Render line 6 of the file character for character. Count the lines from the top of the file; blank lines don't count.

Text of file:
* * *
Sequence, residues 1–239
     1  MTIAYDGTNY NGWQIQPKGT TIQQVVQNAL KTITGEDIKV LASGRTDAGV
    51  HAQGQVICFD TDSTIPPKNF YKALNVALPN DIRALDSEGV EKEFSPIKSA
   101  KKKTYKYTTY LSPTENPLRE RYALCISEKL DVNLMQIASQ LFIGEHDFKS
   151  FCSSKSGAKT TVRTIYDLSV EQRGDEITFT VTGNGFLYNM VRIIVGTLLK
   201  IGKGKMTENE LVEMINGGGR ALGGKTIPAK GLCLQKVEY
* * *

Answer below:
   201  IGKGKMTENE LVEMINGGGR ALGGKTIPAK GLCLQKVEY